Project 34 – Luigi Cani successfully landed a 34 square foot parachute to set a new world first. James Boole, who flew in a wingsuit with Luigi under his SLeia34, gives us the skinny…
Images and article by James Boole
What are the main risks of jumping tiny parachutes?
The two main risks when using very small parachutes are the descent rate on landing and deployment malfunctions. A malfunction on opening could easily result in a fatality as the rotation speed can cause the jumper to immediately lose consciousness.
In 2004 Chris Martin (RIP) was incapacitated and sadly killed by to the G-forces of a violent spin, caused by a brake fire on deployment.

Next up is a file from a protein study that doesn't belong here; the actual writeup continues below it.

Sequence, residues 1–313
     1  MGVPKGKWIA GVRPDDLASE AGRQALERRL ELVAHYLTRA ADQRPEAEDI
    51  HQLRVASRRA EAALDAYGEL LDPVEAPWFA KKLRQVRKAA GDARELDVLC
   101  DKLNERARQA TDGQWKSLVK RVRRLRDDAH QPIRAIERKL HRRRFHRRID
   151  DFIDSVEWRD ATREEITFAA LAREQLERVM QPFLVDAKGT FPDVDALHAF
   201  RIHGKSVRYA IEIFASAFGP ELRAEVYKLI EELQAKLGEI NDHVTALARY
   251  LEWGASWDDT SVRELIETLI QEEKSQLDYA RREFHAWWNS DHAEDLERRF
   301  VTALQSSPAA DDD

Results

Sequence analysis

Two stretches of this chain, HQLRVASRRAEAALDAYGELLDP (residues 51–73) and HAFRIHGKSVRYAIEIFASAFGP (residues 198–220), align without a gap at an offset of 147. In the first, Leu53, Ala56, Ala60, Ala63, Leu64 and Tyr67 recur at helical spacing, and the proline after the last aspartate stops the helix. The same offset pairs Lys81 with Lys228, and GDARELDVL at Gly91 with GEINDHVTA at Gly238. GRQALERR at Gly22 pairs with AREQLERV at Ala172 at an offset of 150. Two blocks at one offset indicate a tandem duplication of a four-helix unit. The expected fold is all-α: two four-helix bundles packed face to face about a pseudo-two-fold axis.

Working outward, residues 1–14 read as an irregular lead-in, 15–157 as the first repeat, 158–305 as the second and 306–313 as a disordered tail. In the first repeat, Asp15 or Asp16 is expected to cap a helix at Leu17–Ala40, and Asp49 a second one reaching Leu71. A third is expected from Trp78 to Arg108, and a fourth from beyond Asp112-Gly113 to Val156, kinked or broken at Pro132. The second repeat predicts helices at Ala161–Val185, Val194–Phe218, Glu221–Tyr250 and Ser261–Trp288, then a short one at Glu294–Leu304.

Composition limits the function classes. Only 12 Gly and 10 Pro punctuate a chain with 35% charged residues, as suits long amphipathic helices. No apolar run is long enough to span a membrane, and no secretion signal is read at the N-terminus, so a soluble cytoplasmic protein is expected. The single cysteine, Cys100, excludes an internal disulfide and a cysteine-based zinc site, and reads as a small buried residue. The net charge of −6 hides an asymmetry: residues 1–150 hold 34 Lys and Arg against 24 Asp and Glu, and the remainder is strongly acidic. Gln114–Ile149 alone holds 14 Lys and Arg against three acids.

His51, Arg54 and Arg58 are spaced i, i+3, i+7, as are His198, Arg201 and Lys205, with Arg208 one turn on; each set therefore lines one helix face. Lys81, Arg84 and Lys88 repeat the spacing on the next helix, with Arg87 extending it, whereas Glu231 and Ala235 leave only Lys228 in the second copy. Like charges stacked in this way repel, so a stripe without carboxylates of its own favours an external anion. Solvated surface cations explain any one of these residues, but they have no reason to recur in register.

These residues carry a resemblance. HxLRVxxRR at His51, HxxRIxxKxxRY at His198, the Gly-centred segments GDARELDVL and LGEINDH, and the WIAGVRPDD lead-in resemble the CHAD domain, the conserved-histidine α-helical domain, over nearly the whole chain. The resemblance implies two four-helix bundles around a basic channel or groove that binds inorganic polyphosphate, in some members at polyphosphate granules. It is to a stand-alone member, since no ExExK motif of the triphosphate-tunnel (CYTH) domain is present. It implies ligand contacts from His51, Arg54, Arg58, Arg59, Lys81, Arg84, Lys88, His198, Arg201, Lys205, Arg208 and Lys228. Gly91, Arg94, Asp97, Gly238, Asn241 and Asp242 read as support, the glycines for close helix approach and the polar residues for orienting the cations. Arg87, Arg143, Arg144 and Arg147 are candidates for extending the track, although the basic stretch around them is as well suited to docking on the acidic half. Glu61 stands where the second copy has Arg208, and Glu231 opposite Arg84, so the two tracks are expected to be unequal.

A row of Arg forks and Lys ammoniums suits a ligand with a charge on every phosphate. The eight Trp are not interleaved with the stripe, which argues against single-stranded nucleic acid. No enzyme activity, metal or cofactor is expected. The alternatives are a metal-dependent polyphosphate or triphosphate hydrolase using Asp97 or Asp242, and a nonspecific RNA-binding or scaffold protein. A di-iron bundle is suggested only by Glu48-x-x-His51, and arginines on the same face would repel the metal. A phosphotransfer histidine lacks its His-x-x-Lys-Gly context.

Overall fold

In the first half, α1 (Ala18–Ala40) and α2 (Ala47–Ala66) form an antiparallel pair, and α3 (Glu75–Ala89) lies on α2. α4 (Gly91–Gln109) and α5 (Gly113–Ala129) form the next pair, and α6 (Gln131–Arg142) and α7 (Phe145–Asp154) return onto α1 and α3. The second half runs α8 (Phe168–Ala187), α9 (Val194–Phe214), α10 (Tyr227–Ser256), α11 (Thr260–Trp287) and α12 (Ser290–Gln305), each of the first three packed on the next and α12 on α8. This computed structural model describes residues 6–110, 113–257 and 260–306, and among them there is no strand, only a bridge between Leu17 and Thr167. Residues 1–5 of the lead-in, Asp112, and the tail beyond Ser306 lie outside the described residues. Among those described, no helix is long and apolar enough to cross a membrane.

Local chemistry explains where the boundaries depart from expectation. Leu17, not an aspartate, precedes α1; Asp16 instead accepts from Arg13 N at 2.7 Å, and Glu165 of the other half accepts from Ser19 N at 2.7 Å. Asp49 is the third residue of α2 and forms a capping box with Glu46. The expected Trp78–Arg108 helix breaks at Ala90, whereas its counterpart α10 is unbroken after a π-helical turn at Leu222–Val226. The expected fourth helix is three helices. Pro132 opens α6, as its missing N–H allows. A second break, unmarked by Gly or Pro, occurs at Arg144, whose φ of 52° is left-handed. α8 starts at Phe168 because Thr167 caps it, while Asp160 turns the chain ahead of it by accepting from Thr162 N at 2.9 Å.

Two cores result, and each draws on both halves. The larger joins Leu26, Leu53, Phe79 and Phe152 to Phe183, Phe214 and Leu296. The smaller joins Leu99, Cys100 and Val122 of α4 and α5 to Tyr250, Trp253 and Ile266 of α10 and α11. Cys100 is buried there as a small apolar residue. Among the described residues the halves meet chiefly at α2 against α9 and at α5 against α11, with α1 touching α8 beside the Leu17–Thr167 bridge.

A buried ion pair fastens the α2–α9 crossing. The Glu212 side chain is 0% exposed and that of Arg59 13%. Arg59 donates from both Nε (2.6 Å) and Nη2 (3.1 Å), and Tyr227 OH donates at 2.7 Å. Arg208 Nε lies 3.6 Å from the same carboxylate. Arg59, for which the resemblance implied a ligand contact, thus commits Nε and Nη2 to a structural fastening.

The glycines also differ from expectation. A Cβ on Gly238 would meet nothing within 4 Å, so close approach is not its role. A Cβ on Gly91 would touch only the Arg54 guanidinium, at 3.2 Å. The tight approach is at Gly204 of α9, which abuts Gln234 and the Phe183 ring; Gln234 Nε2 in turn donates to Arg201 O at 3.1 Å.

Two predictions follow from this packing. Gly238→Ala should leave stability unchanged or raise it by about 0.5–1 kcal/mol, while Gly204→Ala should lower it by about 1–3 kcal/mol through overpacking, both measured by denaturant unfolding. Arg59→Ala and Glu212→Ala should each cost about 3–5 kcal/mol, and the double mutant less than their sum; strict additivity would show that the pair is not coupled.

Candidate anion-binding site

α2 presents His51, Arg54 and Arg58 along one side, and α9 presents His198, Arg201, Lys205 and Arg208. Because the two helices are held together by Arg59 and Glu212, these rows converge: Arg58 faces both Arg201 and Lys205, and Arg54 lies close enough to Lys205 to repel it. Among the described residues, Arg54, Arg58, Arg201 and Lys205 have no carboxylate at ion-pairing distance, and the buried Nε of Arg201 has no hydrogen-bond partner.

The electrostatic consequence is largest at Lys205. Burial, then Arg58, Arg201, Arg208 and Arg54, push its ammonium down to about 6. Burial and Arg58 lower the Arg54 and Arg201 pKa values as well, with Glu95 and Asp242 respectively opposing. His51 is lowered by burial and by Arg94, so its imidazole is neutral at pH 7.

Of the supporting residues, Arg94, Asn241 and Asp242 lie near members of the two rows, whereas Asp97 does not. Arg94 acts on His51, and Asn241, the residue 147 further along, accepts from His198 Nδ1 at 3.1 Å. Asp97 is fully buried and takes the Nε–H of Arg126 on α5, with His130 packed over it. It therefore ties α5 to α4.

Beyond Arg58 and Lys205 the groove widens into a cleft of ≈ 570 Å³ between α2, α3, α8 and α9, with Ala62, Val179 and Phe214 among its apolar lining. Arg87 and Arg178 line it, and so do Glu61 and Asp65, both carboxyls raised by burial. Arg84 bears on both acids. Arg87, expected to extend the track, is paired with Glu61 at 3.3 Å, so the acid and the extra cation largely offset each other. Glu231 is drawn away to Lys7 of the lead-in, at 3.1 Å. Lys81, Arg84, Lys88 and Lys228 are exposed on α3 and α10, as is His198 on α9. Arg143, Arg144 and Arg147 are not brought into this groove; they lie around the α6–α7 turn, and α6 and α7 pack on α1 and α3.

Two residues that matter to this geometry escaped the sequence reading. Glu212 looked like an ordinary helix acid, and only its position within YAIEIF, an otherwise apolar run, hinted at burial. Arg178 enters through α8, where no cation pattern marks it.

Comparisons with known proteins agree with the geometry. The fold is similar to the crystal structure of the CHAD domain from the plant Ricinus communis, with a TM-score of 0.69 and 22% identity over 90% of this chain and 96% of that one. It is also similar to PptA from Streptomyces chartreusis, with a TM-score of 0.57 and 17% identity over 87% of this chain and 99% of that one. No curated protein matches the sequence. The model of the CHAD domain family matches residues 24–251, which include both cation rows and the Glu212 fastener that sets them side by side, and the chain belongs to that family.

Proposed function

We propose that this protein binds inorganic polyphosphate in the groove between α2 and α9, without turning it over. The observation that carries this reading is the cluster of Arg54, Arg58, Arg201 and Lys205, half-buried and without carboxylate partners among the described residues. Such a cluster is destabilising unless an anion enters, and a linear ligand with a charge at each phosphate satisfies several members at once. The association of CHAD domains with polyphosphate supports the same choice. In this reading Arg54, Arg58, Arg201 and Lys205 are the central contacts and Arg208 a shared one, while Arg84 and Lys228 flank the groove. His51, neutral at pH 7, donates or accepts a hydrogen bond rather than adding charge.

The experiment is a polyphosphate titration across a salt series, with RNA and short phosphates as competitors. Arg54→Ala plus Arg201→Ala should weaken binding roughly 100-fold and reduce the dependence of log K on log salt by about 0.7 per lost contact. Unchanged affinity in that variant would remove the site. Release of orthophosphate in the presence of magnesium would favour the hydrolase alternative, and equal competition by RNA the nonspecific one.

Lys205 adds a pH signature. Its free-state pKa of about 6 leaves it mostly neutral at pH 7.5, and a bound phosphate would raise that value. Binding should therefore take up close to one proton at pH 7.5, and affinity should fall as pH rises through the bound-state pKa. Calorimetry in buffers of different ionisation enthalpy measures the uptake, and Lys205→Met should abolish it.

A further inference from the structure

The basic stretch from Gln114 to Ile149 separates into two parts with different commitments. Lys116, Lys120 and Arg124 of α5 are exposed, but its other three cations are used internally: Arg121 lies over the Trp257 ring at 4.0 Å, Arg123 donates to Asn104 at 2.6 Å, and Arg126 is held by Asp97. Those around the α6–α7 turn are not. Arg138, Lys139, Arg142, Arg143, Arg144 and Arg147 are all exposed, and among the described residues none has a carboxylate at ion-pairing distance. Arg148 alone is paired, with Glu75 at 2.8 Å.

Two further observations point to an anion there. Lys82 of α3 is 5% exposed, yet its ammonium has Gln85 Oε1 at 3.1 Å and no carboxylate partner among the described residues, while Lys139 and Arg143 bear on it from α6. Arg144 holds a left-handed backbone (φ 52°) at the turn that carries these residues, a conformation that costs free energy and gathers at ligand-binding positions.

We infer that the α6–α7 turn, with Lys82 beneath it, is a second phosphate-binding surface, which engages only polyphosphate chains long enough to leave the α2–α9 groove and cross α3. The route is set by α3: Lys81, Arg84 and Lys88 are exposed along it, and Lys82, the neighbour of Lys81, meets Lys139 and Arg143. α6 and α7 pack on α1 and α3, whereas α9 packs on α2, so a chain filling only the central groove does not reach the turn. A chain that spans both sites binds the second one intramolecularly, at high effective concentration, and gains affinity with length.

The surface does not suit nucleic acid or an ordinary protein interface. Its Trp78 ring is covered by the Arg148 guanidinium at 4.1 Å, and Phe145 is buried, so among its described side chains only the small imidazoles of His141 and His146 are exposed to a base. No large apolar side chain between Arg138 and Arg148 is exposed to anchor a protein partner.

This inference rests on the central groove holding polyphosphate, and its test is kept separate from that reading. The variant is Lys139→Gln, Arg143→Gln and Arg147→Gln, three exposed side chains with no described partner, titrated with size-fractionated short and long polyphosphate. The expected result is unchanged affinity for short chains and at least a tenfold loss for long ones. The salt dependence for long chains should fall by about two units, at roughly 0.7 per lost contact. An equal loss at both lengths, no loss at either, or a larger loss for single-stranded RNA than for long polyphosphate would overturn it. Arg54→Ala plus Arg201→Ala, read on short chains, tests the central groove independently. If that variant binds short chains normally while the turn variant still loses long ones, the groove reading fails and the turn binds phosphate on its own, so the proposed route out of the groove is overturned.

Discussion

The high wing loading also makes the canopy very sensitive to turbulence. Hence all the jumps were performed early in the morning when the wind conditions were ideal.
How did Luigi train for this?
The first step began in February 2020 at the Olympic Golf Course, Rio, with a SLeia 43. Luigi kicked off the project by getting current on his normal ‘big’ canopy, a SLeia 64. He also made some jumps wearing a 10kg weight belt, afterwards he felt ready to try the SLeia 43 for the first time. The plan was for Luigi to jump out of a helicopter with the canopy packed in a direct bag, flying the canopy down to 2,000′ before cutting away and deploying his reserve. This would allow him to safely get a feel for the canopy, simulate the landing turn and most importantly measure the descent rate using a Flysight GPS logger.